Grace, humor infuse tender twilight love story 'Still Mine'
Craig and Irene Morrison like to do things their own way. A rugged farm couple in rural New Brunswick, on Canada's eastern seaboard, they work the farm themselves, milk the cows, collect their chickens' eggs, and drive their own produce to market. But trouble brews when Craig decides to build them a new house on his own land in Still Mine, a wry and tender drama of love, bureaucracy, and stubborn independence from Canadian filmmaker Michael McGowan.
What makes this small-scale story extra appealing is that the Morrisons are in their 80s. As played by wonderful veteran actors James Cromwell and Genevieve Bujold, Craig and Irene possess just as frisky a pioneer spirit as when they first started out as a couple, 60 years earlier. They've built their own rambling farm house, raised seven kids (a couple of whom still live nearby, on farms of their own), and, while relatively taciturn—they don't go in for flowery speechifying—they are still emotionally and physically intimate with each other.
But Irene is starting to have issues with her memory. She remembers the past in elaborate detail, she knows the faces of her friends and loved ones, but her short-term memory is failing; she forgets what she's doing or where she's going in mid-action, leaves things untended on a hot stove, or wanders away from the house. Getting up and down the stairs is becoming so risky that Craig decides to build them a new, smaller, one-story house with a view on another section of their property that will be easier for Irene to navigate.
To save money, Craig decides to do all the work himself. No amount of attempted persuasion from sensible son, John (Rick Roberts), or anxious farmer daughter, Ruth (Julie Stewart), can convince the old man to hire a crew to help him. Told he needs a permit to build, he grudgingly goes to the county courthouse in town to get one—and is astonished he has to pay $400 to build on land he already owns. But that's just the tip of the bureaucratic iceberg. For one thing, they demand plans to be submitted for review (he says his plans are all in his head), and when he can't comply and they formally red-tag the structure, he gives up on the process and keeps on building on his own terms.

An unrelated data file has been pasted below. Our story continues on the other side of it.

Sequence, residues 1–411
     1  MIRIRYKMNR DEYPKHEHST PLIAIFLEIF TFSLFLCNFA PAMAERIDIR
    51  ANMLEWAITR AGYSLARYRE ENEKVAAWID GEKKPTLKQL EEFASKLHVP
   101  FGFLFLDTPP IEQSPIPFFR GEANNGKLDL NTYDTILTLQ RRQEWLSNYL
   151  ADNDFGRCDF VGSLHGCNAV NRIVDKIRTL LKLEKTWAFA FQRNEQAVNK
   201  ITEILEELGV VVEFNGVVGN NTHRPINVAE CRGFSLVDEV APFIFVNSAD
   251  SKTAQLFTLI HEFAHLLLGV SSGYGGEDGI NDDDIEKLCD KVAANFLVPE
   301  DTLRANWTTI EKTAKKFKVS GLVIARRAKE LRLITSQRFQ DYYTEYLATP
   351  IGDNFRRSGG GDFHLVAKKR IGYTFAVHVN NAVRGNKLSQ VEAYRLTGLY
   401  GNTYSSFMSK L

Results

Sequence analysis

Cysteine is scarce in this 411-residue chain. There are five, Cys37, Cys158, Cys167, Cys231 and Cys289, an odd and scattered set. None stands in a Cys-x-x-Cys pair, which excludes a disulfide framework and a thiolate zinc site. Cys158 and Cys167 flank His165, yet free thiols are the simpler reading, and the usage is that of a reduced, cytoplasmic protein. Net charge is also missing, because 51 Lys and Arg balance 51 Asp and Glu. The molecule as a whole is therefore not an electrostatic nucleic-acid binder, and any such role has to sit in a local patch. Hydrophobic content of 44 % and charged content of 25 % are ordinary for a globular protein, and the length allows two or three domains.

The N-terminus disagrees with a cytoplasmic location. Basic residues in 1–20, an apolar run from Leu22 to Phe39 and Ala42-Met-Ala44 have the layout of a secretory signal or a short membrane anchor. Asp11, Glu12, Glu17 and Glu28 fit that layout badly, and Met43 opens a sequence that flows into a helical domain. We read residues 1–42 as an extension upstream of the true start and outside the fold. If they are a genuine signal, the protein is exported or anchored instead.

Filmmaker McGowan doesn't argue with the principle of permits; of course, town fathers have to make sure that buildings are safe, according to code. But Craig's longtime family lawyer (Campbell Scott, in a nifty little supporting turn) argues that an idependent inspection team has found the structure sound; Craig is proud of the fact that his father, a shipwright, taught him everything he knows about woodworking and lumber. That the county continues to harrass Craig over the letter of the law simply becomes vindictive.
As this plot unspools, what's most engaging about the film is its portrait of people in their elder years who are crusty, but never corny or cute. A nicely done subplot involves the Morrisons and their friends and neighbors, grousing Chester (George R. Robertson), with whom Craig has a prickly, longstanding rivalry, and no-nonsense Margaret (Barbara Gordon), which builds to an incisive, bittersweet climax. Also resonant are the relationships between the Morrisons and their well-meaning adult children, who have to keep redefining for themselves the fine line between helping out their parents and interfering.
But the brunt of the film rests squarely on the battered but unbowed shoulders of Cromwell's Craig, and he's a compelling, quietly heroic figure throughout. Irritated at first by Irene's memory lapses, he never loses sight of the woman he loves; he learns to cherish her lucid moments ("Why is our bed in the living room?" she asks suddenly one morning after he's moved their furniture downstairs), support her in moments of confusion, scale down his expectations, and forgive what she can't help. It's a performance of dry wit and deep tenderness.
Bujold is excellent too, small and spunky and fragile-looking as ever, with her surprisingly throaty voice. Her Irene keeps her own terrors at bay by clinging to the familiar. Octogenarian love stories are rare enough onscreen, especially infused with this much grace, humor, and compassion.
STILL MINE ★ ★ ★ (out of four)
With James Cromwell and Genevieve Bujold. Written and directed by Michael McGowan. A Samuel Goldwyn release. Rated PG-13. 102 minutes.
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